While most of the COVID attention has been focused on India, the same variant has spread uncontrollably in Nepal, too. The country has the same problems – overfull hospitals and not enough oxygen.

A strict curfew has been imposed around Katmandu, allowing people outside for only a few hours each day. As a result there are no restaurants or tourists to feed the large street dog population. They are largely dependent on a brave group of young vegan activists from Project Humane Nepal, who are feeding more than fifty dogs every day on their own homemade dog food. The ingredients are rice, pumpkin, carrots, turmeric and biscuits. While any effort to feed these desperate animals would be worthy of support, the fact that the food is vegan allows the VCG to be involved within our charitable remit.

Dogs being provided food in Nepal
Food for Nepali dogs

After receiving our donation, Angeela, one of the feeding team, wrote:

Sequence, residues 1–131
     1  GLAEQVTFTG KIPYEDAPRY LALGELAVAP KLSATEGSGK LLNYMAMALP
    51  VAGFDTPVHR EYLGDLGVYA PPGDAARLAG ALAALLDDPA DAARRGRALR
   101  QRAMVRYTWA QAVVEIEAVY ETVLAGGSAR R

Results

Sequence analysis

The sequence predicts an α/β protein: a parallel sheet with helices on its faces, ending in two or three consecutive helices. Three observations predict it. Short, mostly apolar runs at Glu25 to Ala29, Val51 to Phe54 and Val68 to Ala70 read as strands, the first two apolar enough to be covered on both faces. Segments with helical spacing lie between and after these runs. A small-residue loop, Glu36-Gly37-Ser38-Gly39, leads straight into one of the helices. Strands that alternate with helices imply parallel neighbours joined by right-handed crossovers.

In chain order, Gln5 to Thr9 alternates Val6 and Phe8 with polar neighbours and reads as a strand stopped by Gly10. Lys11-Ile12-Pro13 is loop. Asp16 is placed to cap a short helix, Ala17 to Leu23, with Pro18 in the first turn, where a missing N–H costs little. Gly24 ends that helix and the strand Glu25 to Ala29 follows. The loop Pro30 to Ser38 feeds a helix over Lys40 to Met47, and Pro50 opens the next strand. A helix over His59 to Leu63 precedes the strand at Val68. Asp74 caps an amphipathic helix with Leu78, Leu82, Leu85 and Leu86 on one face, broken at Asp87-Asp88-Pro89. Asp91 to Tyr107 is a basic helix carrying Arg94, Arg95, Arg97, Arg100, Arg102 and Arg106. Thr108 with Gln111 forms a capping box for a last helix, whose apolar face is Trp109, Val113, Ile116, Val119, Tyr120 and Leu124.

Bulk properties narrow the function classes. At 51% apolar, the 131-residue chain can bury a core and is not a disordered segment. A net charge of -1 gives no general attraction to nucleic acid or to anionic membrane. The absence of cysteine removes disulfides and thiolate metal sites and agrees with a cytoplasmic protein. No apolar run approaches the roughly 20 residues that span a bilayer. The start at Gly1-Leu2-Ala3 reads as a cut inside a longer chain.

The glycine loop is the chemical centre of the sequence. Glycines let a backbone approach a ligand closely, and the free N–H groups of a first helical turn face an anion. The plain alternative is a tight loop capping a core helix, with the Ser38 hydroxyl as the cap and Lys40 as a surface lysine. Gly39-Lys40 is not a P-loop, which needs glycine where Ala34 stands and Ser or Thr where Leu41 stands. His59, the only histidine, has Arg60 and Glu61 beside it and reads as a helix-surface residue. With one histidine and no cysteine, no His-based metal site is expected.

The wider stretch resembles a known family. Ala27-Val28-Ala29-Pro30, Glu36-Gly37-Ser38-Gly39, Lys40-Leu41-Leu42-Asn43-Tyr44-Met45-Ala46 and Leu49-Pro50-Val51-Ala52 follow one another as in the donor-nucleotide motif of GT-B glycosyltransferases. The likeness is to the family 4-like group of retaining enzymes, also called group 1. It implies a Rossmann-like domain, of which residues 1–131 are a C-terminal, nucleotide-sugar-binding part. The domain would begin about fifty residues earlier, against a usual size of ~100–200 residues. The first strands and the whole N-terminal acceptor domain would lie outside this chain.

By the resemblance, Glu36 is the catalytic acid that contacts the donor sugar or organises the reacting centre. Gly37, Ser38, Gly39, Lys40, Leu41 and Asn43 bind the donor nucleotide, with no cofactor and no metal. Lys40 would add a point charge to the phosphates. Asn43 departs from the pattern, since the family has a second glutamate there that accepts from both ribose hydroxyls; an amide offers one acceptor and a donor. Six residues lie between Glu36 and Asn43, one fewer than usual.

It's kind of scary, really. But we are all taking necessary precautions and staying positive…

It's a difficult time for many animals here as they don't know where their next meal will come from. We are glad we can help through your support. Thank you for ensuring they won't starve during these panic-stricken times. The two photos, taken on the feeding rounds, have to be taken very quickly as it is a rush to get all the dogs fed.
12 May 2021

Vegan vegetable growing project gets underway

Children receive their new tools
Children receive their new tools

Our first vegan organic gardening project to set up demonstration vegetable gardens at two schools in a remote area of Uganda is now underway. The first task has been to purchase tools and equipment to enable the children to create the plot from rough ground, so that planting can begin.

The aim is for students to learn various skills in sustainable organic growing methods and to take their skills and seedlings home to enable their parents to augment their very sparse diet – mostly of maize and beans – with a variety of fresh vegetables such as cabbage and aubergines. The plan is for the garden and the skills and knowledge it will encourage to become a catalyst for increased long-term self-sufficiency and resilience amongst many families in this impoverished region of the country.